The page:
With chronic laryngitis most common among the edema is edema of the epiglottis (the lid larynx), which makes it difficult to swallow and that, in most cases, makes it difficult to breathe, other edema can affect vocal cords, especially their bottom surface, causing a delay in breathing or dyspnea, which can sometimes lead to may produce serious danger of asphyxia.
Chronic laryngitis will require you to consult with your doctor to find out what is causing the symptoms, possibly the overuse of your voice, smoking or drinking alcohol. If you don’t have any of these habits, the next causes that your physician will look for are allergic reaction, or viral or bacterial infection. This will require you to take blood tests, and a small tissue sample from your throat.
The next stop, if the tests above can’t confirm the cause, is to see an ENT (ear, nose and throat) specialist. He could recommend any, or all, of the following tests: computerized tomography (CT) scan, magnetic resonance imaging (MRI) or the biopsy. Now, don’t be alarmed, but these tests are usually used to be certain that your laryngitis isn’t caused by laryngeal cancer. It is not common, but it is very important to rule it out quickly, or confirm it early – if discovered early, the treatment will be far more effective.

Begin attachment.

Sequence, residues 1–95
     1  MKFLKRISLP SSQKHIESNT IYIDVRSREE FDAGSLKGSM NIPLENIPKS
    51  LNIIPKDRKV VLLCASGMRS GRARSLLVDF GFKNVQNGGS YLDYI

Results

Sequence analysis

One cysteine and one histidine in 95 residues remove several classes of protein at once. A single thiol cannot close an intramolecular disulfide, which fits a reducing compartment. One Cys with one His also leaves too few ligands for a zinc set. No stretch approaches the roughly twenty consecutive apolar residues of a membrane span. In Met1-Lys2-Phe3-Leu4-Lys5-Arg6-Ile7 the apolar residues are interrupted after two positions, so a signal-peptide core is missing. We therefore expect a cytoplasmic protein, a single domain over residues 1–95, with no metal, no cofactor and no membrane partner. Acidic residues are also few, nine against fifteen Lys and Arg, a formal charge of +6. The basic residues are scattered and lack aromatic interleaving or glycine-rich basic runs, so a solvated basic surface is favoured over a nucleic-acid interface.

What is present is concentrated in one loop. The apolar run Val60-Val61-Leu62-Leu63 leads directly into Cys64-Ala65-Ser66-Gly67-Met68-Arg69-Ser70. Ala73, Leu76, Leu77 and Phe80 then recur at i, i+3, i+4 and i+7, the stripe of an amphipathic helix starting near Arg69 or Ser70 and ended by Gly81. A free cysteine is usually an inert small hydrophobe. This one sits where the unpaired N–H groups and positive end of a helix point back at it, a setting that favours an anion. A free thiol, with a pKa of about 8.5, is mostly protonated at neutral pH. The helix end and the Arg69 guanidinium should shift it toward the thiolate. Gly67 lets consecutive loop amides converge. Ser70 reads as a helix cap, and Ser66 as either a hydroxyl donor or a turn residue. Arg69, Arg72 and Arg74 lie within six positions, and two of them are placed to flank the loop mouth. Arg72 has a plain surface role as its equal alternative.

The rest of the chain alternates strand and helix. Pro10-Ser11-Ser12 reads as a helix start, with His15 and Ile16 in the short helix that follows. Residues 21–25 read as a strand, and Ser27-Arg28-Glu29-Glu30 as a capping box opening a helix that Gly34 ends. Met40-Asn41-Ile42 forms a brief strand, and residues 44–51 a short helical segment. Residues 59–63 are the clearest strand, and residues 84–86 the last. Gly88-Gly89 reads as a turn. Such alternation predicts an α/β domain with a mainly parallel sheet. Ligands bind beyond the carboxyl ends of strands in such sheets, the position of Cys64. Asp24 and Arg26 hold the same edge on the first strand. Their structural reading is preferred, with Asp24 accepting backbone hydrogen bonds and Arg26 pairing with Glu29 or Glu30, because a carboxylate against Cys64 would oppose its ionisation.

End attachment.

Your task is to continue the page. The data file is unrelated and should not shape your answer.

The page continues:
Another often used test is laryngoscopy, a test that examines your throat with a fiber-optic camera to see if there are any damages. This test isn’t painful, but it can be unpleasant, because the camera may trigger your gag reflex.
How to treat laryngitis?
There are two objectives of laryngitis treatment: to remove the lesion and to check if it is benign and bring voice back to normal.
Even without treatment laryngitis tends to get better within a week, if you don’t smoke and avoid smoking environments, which will help your vocal cords heal. You should also drink plenty of water, which will ensure that you don’t get dehydrated, even if it hurts to swallow. If your laryngitis is followed by a headache or fever, you can take paracetamol or ibuprofen, or just an aspirin if you’re under 16; don’t take any antibiotics on your own, since laryngitis is usually caused by a virus. And if you can, avoid speaking, or try to speak softly, but not to whisper – whispering can actually damage the larynx even more.
If your laryngitis is prolonged, the treatment will depend on what is causing it, and only your physician can give you the right one. That may include antihistamines if the cause is an allergy, proton-pump inhibitors, if it’s caused by GORD (gastro-oesophageal reflux disease), a vocal therapy the symptoms are due to misusing or overusing your voice – or some other treatment.
How to prevent laryngitis?
We saw that the causes of laryngitis are many and different. The prevention of mechanical damage due to an injury isn’t something you can control, obviously. As far as viral laryngitis goes, there isn’t much you can do to prevent it, except for some general rules of thumb when your health is concerned, like maintaining good personal hygiene, avoiding people who are ill, not smoking, avoiding irritants, such as smoke. Professional speakers or singers, or people who use their voice excessively for any reason, should receive the proper training, so they don’t damage their voice.